PVR Ltd., India’s largest movie exhibitor, is seeking growth opportunities overseas after sealing a deal to acquire a local cinema chain.
The company’s “big focus” is to look at Saudi Arabia, while it’s also planning projects in Dubai, Chief Financial Officer Nitin Sood said in a telephone interview. PVR also expects to open a nine-screen multiplex in Sri Lanka’s capital Colombo at the beginning of the next financial year, he said.
The cinema chain operator, which counts private equity firm Warburg Pincus among its investors, is exploring setting up theaters abroad as it sees few opportunities for acquisitions in India after agreeing to buy SPI Cinemas Pvt. last month. While PVR is targeting to build new screens in India to take its total to 1,000 by the end of 2020, faster expansion may not be possible because of slow real estate development, according to Sood.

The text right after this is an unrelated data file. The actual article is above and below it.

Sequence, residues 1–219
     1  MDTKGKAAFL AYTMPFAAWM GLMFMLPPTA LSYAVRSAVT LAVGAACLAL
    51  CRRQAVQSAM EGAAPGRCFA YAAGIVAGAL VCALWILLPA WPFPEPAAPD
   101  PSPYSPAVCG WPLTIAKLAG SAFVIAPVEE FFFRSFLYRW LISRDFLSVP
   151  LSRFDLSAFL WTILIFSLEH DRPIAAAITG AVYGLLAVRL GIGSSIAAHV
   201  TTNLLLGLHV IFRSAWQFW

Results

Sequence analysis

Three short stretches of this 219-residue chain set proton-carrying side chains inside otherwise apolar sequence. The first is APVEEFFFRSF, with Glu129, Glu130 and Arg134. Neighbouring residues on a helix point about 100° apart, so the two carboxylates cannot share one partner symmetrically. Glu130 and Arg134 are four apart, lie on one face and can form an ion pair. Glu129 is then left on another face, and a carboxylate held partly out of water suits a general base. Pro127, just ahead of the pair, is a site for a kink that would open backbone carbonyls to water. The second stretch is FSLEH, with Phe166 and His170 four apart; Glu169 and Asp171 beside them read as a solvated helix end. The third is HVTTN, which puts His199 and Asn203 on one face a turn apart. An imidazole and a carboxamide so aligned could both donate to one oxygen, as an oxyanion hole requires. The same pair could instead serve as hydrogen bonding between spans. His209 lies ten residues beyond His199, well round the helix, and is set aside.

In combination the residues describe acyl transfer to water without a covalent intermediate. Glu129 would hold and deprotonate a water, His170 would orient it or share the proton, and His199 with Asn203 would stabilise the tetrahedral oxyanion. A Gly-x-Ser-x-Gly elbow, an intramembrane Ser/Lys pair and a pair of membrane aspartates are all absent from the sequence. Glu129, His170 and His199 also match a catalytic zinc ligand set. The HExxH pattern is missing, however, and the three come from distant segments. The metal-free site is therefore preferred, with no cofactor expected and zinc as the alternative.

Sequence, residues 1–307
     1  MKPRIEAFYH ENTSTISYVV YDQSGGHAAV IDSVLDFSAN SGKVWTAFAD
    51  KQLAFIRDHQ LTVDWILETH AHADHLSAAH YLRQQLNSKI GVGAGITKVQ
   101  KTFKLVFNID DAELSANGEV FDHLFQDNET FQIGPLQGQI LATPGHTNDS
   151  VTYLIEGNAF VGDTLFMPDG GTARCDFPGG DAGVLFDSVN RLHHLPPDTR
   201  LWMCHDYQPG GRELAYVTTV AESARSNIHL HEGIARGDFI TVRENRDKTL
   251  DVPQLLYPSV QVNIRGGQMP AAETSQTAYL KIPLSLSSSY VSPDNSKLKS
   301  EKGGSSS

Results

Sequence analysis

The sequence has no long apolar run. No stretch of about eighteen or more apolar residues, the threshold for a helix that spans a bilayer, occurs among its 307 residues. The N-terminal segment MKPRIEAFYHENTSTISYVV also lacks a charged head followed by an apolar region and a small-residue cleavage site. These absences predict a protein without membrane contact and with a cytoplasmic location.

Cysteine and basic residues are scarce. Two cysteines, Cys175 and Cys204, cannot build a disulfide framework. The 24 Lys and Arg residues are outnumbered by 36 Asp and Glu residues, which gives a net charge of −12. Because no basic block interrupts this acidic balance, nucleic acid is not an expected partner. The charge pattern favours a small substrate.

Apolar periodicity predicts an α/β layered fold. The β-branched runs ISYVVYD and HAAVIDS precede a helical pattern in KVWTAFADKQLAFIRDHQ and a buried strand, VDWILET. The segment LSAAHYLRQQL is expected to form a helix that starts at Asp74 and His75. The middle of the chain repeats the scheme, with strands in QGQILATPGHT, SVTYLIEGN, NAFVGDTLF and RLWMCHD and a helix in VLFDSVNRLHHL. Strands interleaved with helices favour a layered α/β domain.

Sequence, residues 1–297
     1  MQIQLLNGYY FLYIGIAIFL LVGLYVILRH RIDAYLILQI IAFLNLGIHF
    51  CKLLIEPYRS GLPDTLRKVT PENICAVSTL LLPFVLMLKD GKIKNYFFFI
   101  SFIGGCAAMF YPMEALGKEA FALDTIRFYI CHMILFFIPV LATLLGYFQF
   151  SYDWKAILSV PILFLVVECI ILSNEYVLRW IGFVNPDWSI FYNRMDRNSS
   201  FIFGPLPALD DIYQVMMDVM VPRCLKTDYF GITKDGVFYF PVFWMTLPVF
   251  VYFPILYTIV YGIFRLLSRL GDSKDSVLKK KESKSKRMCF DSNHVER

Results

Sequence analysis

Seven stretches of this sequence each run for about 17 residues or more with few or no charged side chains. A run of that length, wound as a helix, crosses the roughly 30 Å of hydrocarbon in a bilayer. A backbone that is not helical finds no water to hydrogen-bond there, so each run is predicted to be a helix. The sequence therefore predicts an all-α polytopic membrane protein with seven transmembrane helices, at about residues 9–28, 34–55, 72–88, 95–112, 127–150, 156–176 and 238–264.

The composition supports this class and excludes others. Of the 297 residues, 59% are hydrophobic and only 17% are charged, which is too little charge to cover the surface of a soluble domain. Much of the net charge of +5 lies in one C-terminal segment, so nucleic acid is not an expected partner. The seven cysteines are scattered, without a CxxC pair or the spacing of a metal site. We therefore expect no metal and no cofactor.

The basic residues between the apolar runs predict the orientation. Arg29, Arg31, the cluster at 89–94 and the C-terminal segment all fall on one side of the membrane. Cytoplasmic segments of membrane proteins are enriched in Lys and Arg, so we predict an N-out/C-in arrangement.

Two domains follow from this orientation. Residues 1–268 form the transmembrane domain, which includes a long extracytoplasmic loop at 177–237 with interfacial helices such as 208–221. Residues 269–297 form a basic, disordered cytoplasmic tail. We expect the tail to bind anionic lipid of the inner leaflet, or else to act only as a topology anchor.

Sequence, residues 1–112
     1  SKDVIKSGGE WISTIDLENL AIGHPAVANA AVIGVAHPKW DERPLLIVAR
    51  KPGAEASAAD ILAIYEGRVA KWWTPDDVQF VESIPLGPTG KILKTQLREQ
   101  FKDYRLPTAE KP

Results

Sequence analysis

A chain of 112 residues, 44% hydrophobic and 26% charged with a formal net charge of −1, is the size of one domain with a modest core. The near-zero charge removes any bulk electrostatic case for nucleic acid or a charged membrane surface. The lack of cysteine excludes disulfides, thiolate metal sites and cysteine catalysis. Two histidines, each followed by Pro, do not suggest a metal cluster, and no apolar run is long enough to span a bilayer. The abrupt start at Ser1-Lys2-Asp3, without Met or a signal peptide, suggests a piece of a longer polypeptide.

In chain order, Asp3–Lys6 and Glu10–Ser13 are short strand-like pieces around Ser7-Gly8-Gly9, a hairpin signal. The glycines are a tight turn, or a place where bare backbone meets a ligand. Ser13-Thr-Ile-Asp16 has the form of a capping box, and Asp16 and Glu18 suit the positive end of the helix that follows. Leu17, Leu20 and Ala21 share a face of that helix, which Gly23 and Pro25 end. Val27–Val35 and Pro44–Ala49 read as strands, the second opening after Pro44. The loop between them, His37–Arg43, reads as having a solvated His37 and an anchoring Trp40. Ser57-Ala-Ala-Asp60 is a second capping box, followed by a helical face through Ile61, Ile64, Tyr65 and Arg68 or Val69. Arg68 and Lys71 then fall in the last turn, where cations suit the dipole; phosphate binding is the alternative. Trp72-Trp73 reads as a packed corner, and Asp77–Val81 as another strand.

“In our business, the biggest opportunity is typically in markets which are opening up and Saudi Arabia is just opening up,” Sood said on August 31. And “in Sri Lanka there are no big ticket multiplexes, so that’s the reason we are looking at it,” he said.
In April, Saudi Arabia ended a ban on cinema by allowing the screening of global blockbuster “Black Panther.” This was the first movie screening in the country in more than 35 years as Crown Prince Mohammed bin Salman consolidates his power and tries to persuade the world that he is reshaping his country to be more open and modern.
PVR, which in July agreed to work with Dubai-based Al-Futtaim Private Co. on a feasibility study and subsequently forge a joint venture for projects in the region, will compete with companies including AMC Entertainment Holdings Inc., controlled by China’s Dalian Wanda. AMC plans to open 100 cinemas with Saudi Arabia’s Public Investment Fund.
The Indian operator, which currently has more than 700 screens, has grown through acquisitions including of DT Cinemas Ltd. and Cinemax India Ltd. That’s a path it will unlikely pursue as existing assets are very small and could also attract antitrust issues, according to Sood.